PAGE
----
Session 4: OCT
    11946-14
    Author(s): Chao J. Liu, William Ammon, Robert J. Jones, Jackson Nolan, Ruopeng Wang, Massachusetts General Hospital (United States); Shuaibin Chang, David A. Boas, Boston Univ. (United States); Bruce Fischl, Hui Wang, Massachusetts General Hospital (United States)
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    We investigated the effect of refractive-index matching by 2,2’-thiodiethanol (TDE) immersion in polarization-sensitive optical coherence tomography (PS-OCT) measurements of ex vivo human brain tissue. We found an improved axis orientation mapping of cortical fiber tracts in distinct layers of gray matter that were not visible without index matching. TDE immersion also increased the signal-to-noise ratio (SNR) in retardance, enabling precise measurements of apparent birefringence, which was underestimated in the white matter but overestimated in the gray matter without TDE immersion. Refractive-index matching TDE immersion provides a promising approach to precisely measure the optical properties of human brain tissue using PS-OCT.
    11946-15
    Author(s): Ilyas Saytashev, Anthony Parra, Ctr. for Devices and Radiological Health (United States), U.S. Food and Drug Administration (United States); Yong-Chul Yoon, Benjamin J. Vakoc, Wellman Ctr. for Photomedicine (United States), Massachusetts General Hospital (United States); Srikanth Vasudevan, Daniel X. Hammer, Ctr. for Devices and Radiological Health (United States), U.S. Food and Drug Administration (United States)
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    We have developed a novel nerve holder, imaging protocol and post-processing routine which enhance OCT imaging by accessing peripheral nerve from 3 sides. Two mirror prisms provide imaging access from sides of a peripheral nerve in addition to conventional volume acquisition from the top. Prism glass compensates for changed focusing and optical pathlength during nerve imaging from its sides Acquired prism sub-volumes and top-bottom imaged nerve sub-volume are merged in two-stage semi-automated postprocessing routine. We demonstrate successful application of this approach on tissue-mimicking phantoms, as well as in vivo rat sciatic nerve imaging.
    11946-16
    Author(s): Honggu Choi, Rishyashring R. Iyer, Carlos A. Renteria, Brian Tibble, Mantas Žurauskas, Stephen A. Boppart, Univ. of Illinois (United States)
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    The anomalous diffusion characteristics of neuronal dynamics are analyzed by label-free, phase-sensitive optical coherence microscopy. The technique provides low-noise images, enabling cellular dynamic characteristics to be measurable. The phase variance is a conventional dynamic parameter that cannot elucidate the ballistic components of neuronal dynamics. Determining the dynamics by phase variance alone omits the ballistic information that can occur from the ion exchange across cellular membranes. The probability density function of phase displacements exerted by cellular dynamics was acquired and the shape of the power-law tail was analyzed. The development of the power-law tail provides a more sensitive dynamic feature.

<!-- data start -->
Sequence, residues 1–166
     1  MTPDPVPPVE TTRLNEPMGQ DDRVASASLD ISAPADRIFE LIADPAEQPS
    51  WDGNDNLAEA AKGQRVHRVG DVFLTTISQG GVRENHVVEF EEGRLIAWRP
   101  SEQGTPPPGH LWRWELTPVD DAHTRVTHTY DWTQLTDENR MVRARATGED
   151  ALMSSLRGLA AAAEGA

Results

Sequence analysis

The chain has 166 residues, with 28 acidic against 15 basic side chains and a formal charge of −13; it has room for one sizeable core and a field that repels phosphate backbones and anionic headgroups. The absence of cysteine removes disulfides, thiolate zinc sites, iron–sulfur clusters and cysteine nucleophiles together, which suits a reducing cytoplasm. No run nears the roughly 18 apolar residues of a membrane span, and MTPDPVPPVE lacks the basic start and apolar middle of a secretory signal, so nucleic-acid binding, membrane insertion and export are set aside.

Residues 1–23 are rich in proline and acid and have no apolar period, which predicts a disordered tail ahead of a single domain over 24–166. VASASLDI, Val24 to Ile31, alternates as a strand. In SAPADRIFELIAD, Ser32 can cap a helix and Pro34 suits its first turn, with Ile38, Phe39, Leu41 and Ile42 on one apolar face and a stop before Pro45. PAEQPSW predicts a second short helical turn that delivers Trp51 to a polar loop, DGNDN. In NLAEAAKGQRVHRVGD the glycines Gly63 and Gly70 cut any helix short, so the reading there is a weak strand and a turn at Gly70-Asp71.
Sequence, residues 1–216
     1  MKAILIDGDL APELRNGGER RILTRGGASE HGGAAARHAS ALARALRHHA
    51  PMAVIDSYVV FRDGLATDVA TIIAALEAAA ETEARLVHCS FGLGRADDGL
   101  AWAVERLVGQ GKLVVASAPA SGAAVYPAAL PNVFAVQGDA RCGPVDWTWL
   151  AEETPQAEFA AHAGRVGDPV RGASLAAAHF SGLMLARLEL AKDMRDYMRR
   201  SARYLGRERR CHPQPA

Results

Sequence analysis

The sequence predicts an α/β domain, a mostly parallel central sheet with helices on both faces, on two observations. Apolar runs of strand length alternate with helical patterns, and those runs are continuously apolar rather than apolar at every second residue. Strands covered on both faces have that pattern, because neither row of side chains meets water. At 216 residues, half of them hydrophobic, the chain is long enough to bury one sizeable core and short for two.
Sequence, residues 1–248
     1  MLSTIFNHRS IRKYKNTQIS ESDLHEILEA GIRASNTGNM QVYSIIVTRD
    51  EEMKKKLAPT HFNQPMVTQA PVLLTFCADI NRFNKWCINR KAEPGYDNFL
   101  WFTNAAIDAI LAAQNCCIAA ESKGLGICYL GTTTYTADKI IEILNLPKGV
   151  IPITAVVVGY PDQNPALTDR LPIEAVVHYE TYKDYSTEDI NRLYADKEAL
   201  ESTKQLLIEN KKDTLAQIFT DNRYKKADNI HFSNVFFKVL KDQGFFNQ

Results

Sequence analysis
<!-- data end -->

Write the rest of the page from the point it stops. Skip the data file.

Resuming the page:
Session 5: Diffused Optical Imaging II
    11946-17
    Author(s): Xiaojun Cheng, Boston Univ. (United States); Edbert J. Sie, Facebook Inc. (United States); Stephanie Naufel, Facebook Technologies, LLC (United States); David A. Boas, Boston Univ. (United States); Francesco Marsili, Facebook Inc. (United States)
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    We have extensively modeled the variations in the DCS signal, for both global and a spatially localized neuronal activation using Monte Carlo simulations. We have considered the impact of neuronal cell movement, blood vessel wall dilation, and blood flow and volume changes induced by neuronal activities. We found that neuronal cell motion induced DCS signal variation is beyond the sensitivity of currently available DCS systems. The hemodynamic response can be detected with a time of 550 ms after neuronal activation for a system with a signal to noise ratio (SNR) of 300, which is technologically feasible with SPAD cameras.
    11946-18
    Author(s): Aahana Bajracharya, Arefeh Sherafati, Joseph P. Culver, Jonathan E. Peelle, Washington Univ. in St. Louis (United States)
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    The quality of speech signals and the inherent contextual cues are essential for effective spoken communication. Our research aims to identify the neural basis of effortful listening for speech altered in linguistic complexity and acoustic clarity. We leverage the strength of HD-DOT to measure cortical responses due to naturalistic stimuli such as stories. Comparisons of stimulus complexity (words vs. stories) and clarity (clear vs. acoustically degraded stories) for seven young adult participants show the recruitment of higher-order brain regions such as the dorsolateral prefrontal cortex and inferior parietal cortex for the more effortful conditions, suggesting the involvement of domain-general processing.
    11946-19